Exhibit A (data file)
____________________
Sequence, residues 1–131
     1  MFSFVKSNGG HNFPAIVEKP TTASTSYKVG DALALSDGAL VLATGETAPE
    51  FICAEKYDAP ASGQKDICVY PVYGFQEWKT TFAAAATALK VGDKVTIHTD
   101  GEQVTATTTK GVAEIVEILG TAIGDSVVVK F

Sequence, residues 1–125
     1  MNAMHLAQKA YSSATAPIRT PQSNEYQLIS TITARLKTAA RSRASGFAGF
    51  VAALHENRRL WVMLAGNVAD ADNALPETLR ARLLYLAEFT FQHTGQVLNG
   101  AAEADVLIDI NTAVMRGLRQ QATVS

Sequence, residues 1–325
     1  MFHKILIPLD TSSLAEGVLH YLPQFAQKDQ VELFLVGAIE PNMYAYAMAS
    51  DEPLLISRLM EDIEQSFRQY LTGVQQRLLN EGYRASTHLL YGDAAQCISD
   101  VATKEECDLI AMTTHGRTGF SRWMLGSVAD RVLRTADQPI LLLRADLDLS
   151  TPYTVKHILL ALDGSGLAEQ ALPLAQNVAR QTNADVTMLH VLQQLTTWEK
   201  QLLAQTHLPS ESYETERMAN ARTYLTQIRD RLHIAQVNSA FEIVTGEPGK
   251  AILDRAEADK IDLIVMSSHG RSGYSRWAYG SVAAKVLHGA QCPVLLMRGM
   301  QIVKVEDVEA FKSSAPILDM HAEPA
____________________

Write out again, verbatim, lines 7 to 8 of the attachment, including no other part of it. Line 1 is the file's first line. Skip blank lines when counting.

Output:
    51  VAALHENRRL WVMLAGNVAD ADNALPETLR ARLLYLAEFT FQHTGQVLNG
   101  AAEADVLIDI NTAVMRGLRQ QATVS